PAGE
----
This was not done for some great reward. I love my dad — however, our screwed up family dynamic has nailed me once again. My father remarried, after long discussions with his doctors, meetings with his wife-to-be, and her son, and having a prenup drawn up — I helped him move to her home (after they decided his home wasn’t going to cut it — too far from her kids and friends). I helped sell his house and put the proceeds in his family trust. After their wedding, it appeared all was well — and I accepted a job offer on the other side of the country. [this was a lady I had known all my life — her husband was my mother’s boss; growing up, I babysat her six kids; I always thought she was amazing].

    However, I have now been slapped with a charge of elder abuse and have had a judgment levied against me for three-quarters of a million dollars. With all the abuse I went through as a child, even now I find I can’t lift my hand (or voice) against my dad. I certainly would never raise my voice to his new wife — and I feel absolutely powerless to do anything about this. I’ve never abused my dad. I would never abuse my dad. He raised me not to lie, cheat, or steal
    . . . and these are the things I am being accused of. My heart and soul and spirit are so utterly (I can’t even think of a word that fits). . . despairing.

    I can’t talk to my dad on the phone — he thinks he’s talking to my mom — Before dad remarried, you would have thought my mom had become a saint. Now, on the rare occasion we have tried to talk — he starts to say things to her that burn me through and through. And if that is what he thinks about my mom — I can’t bear to think what he thinks about me.

    Perhaps it’s something to think I’ve got that kind of monetary value to my dad — but who can measure the injury to my heart and soul — I just feel abused all over again. . . and I’m having a hard time trying to keep my head above water.

    Sorry if this is off topic — but my head and my heart hurts.

  13. By: Kate Posted: 31st May

    ” I had many confusing conflicting emotions which I am still trying to resolve now I am in my fifties. My dad died a few years ago and my mother died 6 months ago and I am finding the grief unbearable . I am grieving the abuse and the fact it can never be fully resolved. Neither of my parents are alive now ‘to put it right’ and the fantasy that I could be rescued is over. I feel so sad for them that they recycled trauma. I struggle with guilt as my daughter has to process the facts that the grandparents she loved were also guilty of abuse. I have made it clear to her that I am always open to discussing any conflict or difficulties she has with this or anything else.”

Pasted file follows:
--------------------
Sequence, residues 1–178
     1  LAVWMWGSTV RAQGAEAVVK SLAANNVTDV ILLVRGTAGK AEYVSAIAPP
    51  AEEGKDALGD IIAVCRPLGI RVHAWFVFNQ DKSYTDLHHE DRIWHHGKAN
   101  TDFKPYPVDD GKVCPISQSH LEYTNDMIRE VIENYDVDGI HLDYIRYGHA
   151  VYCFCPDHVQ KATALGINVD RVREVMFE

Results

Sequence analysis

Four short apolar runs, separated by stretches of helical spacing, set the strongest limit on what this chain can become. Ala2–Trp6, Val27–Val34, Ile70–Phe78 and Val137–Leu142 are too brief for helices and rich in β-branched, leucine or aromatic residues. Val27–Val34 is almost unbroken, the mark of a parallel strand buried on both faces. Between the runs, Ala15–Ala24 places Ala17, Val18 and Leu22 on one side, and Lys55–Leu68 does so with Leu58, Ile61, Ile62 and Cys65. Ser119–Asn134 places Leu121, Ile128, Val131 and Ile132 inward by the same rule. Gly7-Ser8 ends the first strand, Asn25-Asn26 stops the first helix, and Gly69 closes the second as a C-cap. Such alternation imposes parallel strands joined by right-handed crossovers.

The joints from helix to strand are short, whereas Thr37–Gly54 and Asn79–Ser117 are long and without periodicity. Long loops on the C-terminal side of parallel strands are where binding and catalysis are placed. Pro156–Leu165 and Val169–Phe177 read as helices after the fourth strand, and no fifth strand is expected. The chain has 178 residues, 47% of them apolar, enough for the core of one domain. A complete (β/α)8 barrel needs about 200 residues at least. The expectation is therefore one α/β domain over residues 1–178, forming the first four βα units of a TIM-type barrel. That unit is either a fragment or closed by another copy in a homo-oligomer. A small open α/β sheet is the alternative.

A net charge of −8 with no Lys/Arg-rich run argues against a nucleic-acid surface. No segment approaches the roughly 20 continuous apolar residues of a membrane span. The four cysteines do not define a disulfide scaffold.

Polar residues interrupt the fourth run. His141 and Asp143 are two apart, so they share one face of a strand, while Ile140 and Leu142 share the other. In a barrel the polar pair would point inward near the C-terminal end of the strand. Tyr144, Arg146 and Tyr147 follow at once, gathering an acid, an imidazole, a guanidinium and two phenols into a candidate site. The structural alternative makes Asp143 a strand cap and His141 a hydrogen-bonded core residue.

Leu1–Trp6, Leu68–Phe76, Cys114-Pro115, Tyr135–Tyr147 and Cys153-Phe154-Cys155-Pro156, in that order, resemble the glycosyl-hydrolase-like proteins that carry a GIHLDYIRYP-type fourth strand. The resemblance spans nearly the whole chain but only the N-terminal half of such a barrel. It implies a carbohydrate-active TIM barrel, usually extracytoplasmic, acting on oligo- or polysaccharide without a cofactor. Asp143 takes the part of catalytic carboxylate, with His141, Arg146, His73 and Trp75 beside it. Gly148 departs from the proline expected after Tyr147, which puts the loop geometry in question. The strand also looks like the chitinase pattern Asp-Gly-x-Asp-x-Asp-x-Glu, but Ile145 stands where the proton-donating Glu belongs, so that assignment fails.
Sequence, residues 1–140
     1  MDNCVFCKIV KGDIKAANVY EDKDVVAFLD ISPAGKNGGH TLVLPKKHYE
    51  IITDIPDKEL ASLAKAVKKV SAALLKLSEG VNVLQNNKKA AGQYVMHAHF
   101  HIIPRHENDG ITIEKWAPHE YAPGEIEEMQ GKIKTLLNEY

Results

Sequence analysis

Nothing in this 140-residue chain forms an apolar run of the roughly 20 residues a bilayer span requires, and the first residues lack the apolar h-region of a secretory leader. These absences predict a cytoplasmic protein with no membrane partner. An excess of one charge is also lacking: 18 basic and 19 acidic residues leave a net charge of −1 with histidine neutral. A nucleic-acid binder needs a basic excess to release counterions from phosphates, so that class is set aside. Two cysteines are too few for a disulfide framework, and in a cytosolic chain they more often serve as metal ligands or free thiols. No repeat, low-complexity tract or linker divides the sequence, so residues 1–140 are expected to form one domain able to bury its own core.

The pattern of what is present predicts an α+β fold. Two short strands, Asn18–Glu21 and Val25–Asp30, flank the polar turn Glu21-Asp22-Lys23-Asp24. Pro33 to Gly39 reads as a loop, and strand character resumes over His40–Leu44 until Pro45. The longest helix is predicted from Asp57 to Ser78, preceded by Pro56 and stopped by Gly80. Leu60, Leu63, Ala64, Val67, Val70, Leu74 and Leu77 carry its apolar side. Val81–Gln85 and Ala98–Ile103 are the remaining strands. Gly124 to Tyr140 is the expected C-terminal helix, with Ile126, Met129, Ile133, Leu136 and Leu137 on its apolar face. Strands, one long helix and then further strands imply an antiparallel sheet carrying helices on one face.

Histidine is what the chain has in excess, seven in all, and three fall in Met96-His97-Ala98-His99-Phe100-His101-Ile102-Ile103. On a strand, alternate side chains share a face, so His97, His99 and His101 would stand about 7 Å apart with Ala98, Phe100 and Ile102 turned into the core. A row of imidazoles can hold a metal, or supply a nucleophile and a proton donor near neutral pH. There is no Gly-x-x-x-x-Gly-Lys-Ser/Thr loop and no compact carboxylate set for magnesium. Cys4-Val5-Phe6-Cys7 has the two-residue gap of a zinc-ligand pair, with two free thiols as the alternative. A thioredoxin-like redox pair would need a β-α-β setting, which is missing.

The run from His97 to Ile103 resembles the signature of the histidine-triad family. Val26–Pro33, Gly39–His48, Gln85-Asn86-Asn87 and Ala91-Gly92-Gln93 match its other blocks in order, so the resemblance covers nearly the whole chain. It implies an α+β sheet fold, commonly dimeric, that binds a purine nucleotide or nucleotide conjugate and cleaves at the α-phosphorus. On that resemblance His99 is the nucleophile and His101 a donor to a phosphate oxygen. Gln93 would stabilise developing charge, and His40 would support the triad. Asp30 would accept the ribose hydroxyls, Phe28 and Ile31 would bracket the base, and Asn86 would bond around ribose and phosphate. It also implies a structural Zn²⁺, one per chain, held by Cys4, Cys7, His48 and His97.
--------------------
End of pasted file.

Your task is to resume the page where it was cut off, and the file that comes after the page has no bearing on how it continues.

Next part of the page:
And this is where you are! I can only imagine how stuck in the middle it would feel to me, as I can relate. I hope that in your discussions with your daughter, that your feelings, as articulated above, are able to come out into the discussion as well as hers.

  14. By: Layla Posted: 31st May

    This post has triggered a lot of pain and conflict for me. I was molested a few times by my dad and tho I told my mother twice she did not feel able to leave him as she was too frightened. I tried to tell my story to GPS, friends, partners but was told to ‘put it behind me ‘ forgive and forget’. I then broke down in my 20s and was committed, labeled medicated. My memories of the abuse resurfaced when my daughter got to 6 yrs old, the age it started for me. I stopped my parents babysitting though my husband thought I was making a mountain out of a molehill. I became depressed again and he left me and a year after that I tried to charge my Dad as I thought it would be at least recorded in criminal records, in case he had abused anyone else.So in the end I had to take action on my own with little or no support and at times I was made to feel like I was a trouble maker and I was full of guilt. This was all complicated by the fact that I did love my mum and Dad as they had many good qualities and my Dad had also mellowed a lot and seemed to heal himself as he got older.Even after trying to charge him I was persuaded to have contact with them again as I felt my daughter should be able to see them and I did not want to deprive them of being grandparents. I had many confusing conflicting emotions which I am still trying to resolve now I am in my fifties.My dad died a few years ago and my mother died 6 months ago and I am finding the grief unbearable . I am grieving the abuse and the fact it can never be fully resolved. Neither of my parents are alive now ‘to put it right’ and the fantasy that I could be rescued is over. I feel so sad for them that they recycled trauma. I struggle with guilt as my daughter has to process the facts that the grandparents she loved were also guilty of abuse. I have made it clear to her that I am always open to discussing any conflict or difficulties she has with this or anything else. What I have experienced though is that most victims do not get justice or even support and are mainly encouraged to minimalise abuse and sweep it under the carper as its just to ‘nasty’ and ‘unpleasant’ to even talk about. Many people are too frightened of the consequences to get help or report abuse and healing and recovery is is not valued nearly enough or adequately resourced in society. The more people who open up the more enlightened as a society we will become .

    • By: Darlene Ouimet Posted: 31st May

      Layla,

      You bring up many important points in your comments. One of my biggest messages is that we need to get this stuff talked about, we need to bring it out in the open so that others will also bring it out in the open. So many of us felt like the only ones and kept the terrible secrets.